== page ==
I read all nine pages and I'm surprised no one mentioned "silver gelatine print."
The first time I came across this phrase was in a photography gallery in the 1970s. Initially finding it pretentious, I then reasoned that one of the few places where the term was legitimate was a photographic gallery, as they'd also be selling prints made by various non-silver historical processes. Contemporary use of Victorian and Edwardian technology was almost unheard of in the 70s, and now it sums up the majority of non-digital photographs, so I reluctantly admit 'silver gelatine print' as part of the photographic lexicon, failing a better explanation.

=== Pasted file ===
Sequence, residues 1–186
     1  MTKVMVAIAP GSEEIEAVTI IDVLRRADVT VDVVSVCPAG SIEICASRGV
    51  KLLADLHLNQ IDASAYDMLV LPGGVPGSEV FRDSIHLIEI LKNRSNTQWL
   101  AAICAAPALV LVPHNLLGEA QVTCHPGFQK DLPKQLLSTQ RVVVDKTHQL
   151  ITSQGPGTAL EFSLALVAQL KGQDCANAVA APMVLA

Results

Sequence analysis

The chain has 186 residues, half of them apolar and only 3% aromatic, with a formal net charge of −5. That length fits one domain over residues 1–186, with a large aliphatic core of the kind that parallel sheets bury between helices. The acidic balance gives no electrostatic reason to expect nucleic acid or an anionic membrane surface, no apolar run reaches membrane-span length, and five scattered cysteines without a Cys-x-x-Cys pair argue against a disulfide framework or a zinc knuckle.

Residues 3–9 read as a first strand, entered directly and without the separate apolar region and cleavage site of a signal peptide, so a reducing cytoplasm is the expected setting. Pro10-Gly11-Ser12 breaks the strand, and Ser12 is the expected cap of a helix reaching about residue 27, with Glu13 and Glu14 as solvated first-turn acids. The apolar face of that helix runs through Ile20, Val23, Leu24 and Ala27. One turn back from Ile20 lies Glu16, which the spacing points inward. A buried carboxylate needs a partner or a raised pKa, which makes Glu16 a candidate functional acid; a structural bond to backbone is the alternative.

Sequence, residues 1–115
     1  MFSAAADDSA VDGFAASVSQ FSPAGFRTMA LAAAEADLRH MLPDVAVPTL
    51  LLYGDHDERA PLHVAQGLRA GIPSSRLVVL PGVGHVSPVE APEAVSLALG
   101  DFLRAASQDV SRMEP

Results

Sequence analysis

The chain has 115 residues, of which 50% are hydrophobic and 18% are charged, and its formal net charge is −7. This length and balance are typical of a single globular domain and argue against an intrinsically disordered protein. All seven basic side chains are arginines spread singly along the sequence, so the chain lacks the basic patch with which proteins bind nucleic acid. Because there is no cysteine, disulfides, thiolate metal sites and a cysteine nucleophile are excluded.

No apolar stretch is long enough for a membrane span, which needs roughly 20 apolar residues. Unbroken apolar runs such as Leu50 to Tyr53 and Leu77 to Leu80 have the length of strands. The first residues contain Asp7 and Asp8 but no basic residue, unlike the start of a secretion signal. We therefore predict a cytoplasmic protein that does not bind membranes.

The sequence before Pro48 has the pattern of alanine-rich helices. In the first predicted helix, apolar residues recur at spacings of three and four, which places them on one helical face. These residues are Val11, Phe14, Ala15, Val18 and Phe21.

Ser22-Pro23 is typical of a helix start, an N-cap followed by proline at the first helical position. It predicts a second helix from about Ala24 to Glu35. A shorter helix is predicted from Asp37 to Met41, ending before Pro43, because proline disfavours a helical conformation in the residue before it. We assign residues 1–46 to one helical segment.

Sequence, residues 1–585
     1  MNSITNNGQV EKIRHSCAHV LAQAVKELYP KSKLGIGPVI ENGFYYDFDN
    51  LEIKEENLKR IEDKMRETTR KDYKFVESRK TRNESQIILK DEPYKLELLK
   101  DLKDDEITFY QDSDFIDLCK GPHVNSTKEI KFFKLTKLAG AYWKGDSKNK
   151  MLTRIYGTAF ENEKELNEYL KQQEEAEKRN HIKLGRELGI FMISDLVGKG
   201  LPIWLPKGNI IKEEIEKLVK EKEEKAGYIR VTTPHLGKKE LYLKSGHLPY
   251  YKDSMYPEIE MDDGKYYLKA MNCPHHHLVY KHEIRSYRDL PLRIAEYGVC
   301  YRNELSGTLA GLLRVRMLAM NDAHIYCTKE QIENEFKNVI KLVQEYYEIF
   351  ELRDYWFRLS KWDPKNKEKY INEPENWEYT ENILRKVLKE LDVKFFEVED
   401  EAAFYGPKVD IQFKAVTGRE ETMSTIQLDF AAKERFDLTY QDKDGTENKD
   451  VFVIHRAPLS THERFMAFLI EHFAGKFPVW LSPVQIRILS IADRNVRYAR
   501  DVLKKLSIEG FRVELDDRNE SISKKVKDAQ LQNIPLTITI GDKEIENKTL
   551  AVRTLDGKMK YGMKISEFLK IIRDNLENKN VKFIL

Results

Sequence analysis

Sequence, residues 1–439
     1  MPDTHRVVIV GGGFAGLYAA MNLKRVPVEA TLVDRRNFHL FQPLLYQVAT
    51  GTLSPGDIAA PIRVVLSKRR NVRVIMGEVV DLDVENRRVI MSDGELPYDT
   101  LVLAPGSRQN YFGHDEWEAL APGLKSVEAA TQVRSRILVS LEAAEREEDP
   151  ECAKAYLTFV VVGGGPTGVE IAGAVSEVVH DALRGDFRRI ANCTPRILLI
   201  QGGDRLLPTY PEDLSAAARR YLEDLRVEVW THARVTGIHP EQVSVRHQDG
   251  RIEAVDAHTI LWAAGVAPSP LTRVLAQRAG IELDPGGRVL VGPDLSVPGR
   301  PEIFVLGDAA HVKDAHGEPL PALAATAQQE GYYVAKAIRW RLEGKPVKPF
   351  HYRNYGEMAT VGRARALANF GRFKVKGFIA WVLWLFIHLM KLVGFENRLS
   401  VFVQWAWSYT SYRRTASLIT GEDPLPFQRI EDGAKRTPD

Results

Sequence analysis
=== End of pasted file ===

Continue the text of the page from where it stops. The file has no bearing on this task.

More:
I chuckle inside when I hear these, just because I can't believe that people actually use them with a straight face. But I also must say that I don't care either. It's just entertaining.
Blown highlights (This is my favorite. What the hell does it mean anyway? Was there an explosion? Did somebody blow with a fan on it? )
Blow-up (As in enlargement. People must like explosives a lot).
"Often moments come looking for us". - Robert Frank
"Make good art!" - Neil Gaiman
"...the heart and mind are the true lens of the camera". - Yousuf Karsh